First of all, yes, that just sounds gross. It does. Sorry for that. And, I would bet, you are all wondering what that is (well, maybe not Rusty, since he seems to have read all the sci-fi authors whose names start with the letter "B"). But before I get to that, I'm going to jump back to a very famous guy in this series, Isaac Asimov.
In Asimov's book, The Caves of Steel (1953 (as a serial)), as I've said before, the whole planet is just one big city. Being one big city, there's not a lot of land left outside the city and certainly not enough to grow enough food to feed the entire world. Instead of growing crops and raising livestock, the food is grown hydroponically. I'm wishing I had a better memory of what it was exactly (or had the book where I could get to it (but it's in a box somewhere in the garage)), but it was some kind of protein that could be flavored in a variety of ways and formed the basis for the standard diet of the people of Earth. It was food grown in a vat.
I don't really know if this idea precedes Asimov or not, but it was certainly picked up by other sci-fi authors.
In 1963, H. Beam Piper used the idea in his novel Space Viking. The space ships contain hydroponic carniculture vats in which they grow some sort of meat or meat substitute. Protein nonetheless.
In 1970, Frank Herbert's novel Whipping Star introduced us to pseudoflesh.
Even Neuromancer (William Gibson) mentions some sort of meat vats (although, I'm not remembering the details).
The term Yeast-Beast was introduced in David Brin's 1994 short story, "NatuLife." The Yeast-Beast is the device that produces the vat grown meat.
And, yes, I know all of this sounds really gross. Growing meat in a bathtub. Blech.
In vitro meat has been being developed for a couple of decades now. And it was NASA that began the research as a possibility as a source of protein for long-term space voyages. It's also called hydroponic (there's that word again) meat, vat-grown meat, and victimless meat.
The first edible meat was actually produced over a decade ago, and, as of 2008, scientists claim the technology has developed to the point that it's ready to be made available commercially. The only real issue? People are turned off by the idea of eating meat grown in a vat. Well, that, and it's still expensive. Right now, bathtub meat would cost you more than animal meat, but, with the right backing, that might not stay true for very long. And being able to grow meat for consumption in developing nations could save a lot of lives. Currently, there are more than 30 laboratories around the world working on the development of in vitro meat.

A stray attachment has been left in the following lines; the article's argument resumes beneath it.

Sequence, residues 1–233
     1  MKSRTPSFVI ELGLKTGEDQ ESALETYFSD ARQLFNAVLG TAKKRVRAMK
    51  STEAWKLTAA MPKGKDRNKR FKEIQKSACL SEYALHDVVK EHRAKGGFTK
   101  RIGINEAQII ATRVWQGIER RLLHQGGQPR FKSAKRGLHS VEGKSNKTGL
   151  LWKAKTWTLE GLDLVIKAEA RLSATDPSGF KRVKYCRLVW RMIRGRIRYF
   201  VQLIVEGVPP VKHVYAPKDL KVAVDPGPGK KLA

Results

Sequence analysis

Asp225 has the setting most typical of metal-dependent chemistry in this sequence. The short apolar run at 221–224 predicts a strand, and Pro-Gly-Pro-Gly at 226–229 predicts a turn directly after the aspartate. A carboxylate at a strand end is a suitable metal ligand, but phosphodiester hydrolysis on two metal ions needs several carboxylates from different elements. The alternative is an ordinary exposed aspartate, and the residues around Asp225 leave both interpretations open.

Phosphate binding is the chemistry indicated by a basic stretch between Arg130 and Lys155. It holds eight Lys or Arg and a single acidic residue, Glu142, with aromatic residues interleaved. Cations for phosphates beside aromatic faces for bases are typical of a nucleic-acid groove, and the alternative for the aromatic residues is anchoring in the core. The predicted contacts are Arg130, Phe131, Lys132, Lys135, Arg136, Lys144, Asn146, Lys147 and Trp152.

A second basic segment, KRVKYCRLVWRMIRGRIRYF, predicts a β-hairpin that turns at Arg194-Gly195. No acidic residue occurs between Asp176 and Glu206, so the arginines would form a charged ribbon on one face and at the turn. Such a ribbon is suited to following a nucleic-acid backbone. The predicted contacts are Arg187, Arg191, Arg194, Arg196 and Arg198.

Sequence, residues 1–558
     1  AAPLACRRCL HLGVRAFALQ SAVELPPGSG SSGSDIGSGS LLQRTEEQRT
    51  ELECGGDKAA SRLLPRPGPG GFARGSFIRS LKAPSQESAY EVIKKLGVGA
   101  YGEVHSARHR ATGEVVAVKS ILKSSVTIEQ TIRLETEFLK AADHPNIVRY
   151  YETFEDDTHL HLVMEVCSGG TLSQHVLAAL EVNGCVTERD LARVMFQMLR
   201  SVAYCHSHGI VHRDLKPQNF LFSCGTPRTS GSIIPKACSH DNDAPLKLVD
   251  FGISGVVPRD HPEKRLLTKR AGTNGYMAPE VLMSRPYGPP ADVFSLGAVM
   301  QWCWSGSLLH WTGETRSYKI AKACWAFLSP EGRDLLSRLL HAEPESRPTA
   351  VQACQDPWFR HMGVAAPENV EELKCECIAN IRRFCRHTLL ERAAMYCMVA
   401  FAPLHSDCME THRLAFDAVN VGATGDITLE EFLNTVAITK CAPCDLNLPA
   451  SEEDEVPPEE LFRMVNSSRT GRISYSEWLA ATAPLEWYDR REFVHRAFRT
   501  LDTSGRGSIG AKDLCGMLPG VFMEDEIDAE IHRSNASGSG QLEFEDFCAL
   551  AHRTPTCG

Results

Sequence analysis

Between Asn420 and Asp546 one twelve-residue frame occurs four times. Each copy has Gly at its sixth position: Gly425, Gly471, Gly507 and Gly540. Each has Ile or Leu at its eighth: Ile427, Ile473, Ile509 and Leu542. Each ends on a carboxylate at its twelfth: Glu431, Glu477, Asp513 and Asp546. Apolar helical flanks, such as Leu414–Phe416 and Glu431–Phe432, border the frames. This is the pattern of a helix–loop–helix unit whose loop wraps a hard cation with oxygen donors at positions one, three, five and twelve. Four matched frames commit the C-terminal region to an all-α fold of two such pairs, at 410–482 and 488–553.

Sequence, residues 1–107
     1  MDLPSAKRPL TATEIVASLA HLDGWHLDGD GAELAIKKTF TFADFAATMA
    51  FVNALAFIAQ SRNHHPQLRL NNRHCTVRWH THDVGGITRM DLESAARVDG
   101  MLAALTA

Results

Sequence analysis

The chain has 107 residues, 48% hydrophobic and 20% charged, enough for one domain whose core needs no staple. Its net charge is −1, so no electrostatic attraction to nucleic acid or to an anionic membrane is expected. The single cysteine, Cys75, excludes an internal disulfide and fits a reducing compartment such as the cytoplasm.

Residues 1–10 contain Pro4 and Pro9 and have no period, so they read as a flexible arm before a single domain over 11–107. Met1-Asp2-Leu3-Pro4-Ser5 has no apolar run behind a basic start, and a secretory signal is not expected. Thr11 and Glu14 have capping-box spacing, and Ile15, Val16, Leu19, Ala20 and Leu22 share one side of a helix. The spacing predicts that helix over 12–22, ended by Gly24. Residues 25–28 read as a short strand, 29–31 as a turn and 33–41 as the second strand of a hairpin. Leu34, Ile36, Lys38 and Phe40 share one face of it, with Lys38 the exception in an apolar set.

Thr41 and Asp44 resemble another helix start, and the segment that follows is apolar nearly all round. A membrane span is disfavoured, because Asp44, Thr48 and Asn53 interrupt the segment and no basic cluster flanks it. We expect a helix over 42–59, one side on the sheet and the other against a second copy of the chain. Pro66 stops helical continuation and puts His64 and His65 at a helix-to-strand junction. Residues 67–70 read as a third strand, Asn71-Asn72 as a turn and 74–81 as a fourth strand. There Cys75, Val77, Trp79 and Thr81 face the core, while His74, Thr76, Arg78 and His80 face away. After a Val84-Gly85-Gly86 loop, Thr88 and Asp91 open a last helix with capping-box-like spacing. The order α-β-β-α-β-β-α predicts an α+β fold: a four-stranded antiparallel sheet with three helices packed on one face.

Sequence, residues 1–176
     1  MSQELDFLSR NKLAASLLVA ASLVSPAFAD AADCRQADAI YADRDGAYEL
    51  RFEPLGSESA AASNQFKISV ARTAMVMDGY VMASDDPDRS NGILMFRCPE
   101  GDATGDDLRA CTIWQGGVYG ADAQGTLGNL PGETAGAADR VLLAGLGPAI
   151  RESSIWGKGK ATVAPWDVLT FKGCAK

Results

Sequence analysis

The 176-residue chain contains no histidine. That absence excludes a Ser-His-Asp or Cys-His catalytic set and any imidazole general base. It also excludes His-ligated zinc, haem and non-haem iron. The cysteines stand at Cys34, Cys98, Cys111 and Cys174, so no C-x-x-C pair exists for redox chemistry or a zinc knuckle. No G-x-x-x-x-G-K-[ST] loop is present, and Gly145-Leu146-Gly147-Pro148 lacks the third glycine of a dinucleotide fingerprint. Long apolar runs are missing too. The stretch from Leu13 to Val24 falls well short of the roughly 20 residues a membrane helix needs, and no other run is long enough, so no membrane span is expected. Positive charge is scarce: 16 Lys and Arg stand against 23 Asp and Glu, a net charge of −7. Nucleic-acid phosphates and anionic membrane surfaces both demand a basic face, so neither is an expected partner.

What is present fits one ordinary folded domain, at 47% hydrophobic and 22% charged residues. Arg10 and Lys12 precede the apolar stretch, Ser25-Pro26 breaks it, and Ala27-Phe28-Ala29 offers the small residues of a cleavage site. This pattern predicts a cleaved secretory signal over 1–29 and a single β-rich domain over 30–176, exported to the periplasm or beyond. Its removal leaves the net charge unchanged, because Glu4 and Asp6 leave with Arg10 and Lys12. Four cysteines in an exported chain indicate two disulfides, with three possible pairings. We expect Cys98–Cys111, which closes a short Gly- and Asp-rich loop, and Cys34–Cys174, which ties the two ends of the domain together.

As of February of this year, the first hamburger was made from vat grown meat. One of the biggest differences that vat grown meat could have for us is in time: It takes about two years to grow a cow big enough to slaughter to make that hamburger; you can make that same meat in just six weeks in a vat.
They do, however, say there's a slight issue with texture, but they're working on it.
Bonus "Y": Youth Eternal
Yeah, yeah, I know, we've been looking and looking for this for centuries. More than centuries. It's another of those staples of fiction and science fiction, and I'm not even going to go into all of that. I just want to say one thing about it, really:
Many scientists (geneticists) believe that this generation (my generation) will be the last generation on Earth that has to die. They're fairly certain they've identified the gene that causes aging, and they think they can figure out how to turn it off. If they can do that, no one would ever need to die of old age or old age related issues ever again. It's kind of a scary concept. With as many people as we already have on the planet, can you imagine what it would be like if no one ever died?